Hi all, I have some ~3 yr old potted blueberries that I grew from air layerings, and am looking to get them in the soil before the heat of summer hits here in New England. These are from a set of very old bushes that have been in my in-laws’ back yard for over 70 years (supposedly - in-laws moved into the house 40 years ago, and previous owners of 30 years said the bushes pre-dated them).
The potting soil they’re currently in (I think was Promix and composted manure) has pH 6-6.5, and I can see a bit of chlorosis in the leaves, so I need to get them out of there sooner than later. My issue is that I have a location for them that is near pine trees, giving a soil pH of 5.5-6, but the soil is a bit sandy and N content is very low. Separately I have some very nice topsoil/compost blend left over from another project that I know is extremely rich, but pH is ~7-7.5. I’m looking for advice about get them in soil for long term health and productivity. I don’t care about this year’s berries if it means higher productivity in coming years. Should I plant directly into the acidic soil and amend with compost/fertilizer to get it more nutritious, or should I plant into the rich topsoil/compost mix and get the acidity down? What’s the better/healthier long-term solution? To get acidity down I have sulfur, but am open to other ideas as well (would ammonium sulfate run the risk of shocking/burning the blueberries?). Thanks for any advice!
I’d probably plant them in the native soil and maybe churn in some peat moss.It takes awhile for the sulfur to work,but that could be added,when planting.
If they need fertilizer,Ammonium Sulfate will work,but use very little,like a teaspoon dissolved in a gallon of water.
From what I’ve read,manure tends to have an alkaline pH.
I planted one each in a raised bed and half wine barrel. For the raised beds, I used 70% fir bark (sold as pathway mulch) and 30% peat moss. Used 60% bark, 20% peat and 20% pumice in the wine barrel. Amended both plantings with Down TO Earth Acid mix while planting and fed them liquid fish fertilizer once a week. They both are doing well.
The problem is pH in both soils. Blueberries are happiest in high organic soil with pH around 4.5 to 5.0. I would plant them in the soil near the pine trees and cover the top of the soil with the organic mix at least 4 inches deep. Add sulphur liberally, enough to bring the pH down to a level the plants can tolerate. Ammonium sulphate can be used from the beginning but be careful, a little bit goes a long way.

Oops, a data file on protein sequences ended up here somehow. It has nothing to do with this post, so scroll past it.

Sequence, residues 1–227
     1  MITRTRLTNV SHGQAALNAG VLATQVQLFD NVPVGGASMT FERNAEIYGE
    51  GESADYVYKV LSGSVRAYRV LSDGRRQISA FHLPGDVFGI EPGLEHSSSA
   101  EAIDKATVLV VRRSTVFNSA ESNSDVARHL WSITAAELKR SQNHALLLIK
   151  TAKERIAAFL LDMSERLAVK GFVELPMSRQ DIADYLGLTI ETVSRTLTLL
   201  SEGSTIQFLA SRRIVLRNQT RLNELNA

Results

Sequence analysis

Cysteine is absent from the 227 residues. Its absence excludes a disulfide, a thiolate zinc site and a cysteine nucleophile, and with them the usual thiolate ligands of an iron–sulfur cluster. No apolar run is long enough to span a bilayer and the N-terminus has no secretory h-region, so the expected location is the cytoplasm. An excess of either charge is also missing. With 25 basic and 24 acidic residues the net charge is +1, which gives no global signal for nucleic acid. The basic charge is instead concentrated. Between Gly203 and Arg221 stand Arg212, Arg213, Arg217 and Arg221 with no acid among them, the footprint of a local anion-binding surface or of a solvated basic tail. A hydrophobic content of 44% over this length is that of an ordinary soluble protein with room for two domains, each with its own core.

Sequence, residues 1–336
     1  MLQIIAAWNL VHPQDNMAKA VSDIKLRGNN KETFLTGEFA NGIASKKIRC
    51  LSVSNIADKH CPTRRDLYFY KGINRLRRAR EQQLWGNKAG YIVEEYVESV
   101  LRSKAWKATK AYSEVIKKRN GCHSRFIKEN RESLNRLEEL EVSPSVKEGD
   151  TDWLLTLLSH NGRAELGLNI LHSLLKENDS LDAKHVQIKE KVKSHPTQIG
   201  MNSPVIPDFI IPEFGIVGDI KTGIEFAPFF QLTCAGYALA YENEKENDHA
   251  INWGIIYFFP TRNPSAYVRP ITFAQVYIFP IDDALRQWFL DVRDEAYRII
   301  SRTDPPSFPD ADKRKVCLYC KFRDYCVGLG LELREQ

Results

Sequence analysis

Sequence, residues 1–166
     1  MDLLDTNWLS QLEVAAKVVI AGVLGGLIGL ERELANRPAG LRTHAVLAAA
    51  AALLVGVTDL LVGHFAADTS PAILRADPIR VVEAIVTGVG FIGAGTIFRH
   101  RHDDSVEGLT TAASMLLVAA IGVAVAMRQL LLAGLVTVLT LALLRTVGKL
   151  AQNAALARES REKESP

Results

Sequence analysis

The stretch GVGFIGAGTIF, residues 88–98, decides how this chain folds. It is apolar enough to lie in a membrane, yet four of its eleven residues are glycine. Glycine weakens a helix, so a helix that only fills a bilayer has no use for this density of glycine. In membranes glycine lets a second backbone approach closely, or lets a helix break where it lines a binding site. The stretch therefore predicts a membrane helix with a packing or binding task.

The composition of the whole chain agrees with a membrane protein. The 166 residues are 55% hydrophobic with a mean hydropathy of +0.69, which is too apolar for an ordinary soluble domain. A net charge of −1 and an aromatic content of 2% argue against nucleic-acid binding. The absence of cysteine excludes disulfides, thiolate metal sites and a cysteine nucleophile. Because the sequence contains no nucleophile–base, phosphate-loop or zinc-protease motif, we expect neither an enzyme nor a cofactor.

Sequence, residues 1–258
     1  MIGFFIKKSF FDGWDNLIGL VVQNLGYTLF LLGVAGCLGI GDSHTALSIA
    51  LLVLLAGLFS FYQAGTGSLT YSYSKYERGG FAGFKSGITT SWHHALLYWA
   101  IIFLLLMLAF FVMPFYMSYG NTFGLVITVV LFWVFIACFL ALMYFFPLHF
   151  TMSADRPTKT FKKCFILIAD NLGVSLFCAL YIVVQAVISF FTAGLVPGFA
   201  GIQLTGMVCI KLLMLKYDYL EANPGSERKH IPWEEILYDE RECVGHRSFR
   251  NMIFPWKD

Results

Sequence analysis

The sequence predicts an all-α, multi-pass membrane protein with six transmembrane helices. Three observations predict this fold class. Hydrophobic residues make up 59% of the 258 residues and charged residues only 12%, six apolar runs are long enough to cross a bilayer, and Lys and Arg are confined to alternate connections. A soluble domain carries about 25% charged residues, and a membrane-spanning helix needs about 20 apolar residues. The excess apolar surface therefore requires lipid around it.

Once someone ‘suggested to me to plant bare root blueberries with bit of soil from a blueberry farm. i think the idea was to bring along a bit of the mycorrhizae native to blueberries. I don’t know if that is good advice or old wives tale stuff but if you have access to an 80 yr old blueberry patch….
When I planted blueberries in rocky/sandy soil, without adding any peat, they grew slowly and produced little fruit for several years. After I mulched them with wood chips and applied Ammonium Sulfate (21-0-0) regularly, they produced a lot more new growth as well as more fruit. It was too much fruit, resulting in small berries. This problem was solved by proper pruning: removing some of the oldest stalks/branches every year. You need to remove enough old growth to induce new main stalks that grow rapidly upward to replace the stalks being removed. The plants now provide a good crop and are about 6 feet tall.
According to the USDA breeding report that got posted a couple days ago, the realization that blueberries need acidic soil and myco to properly uptake nutrients was the key to the plants that were being selected from the wild for breeding not fizzling out and dying within a couple years (at most). I kind of suspect you’ll end up with the desired fungus either from your live blueberry plants having it already or the environment.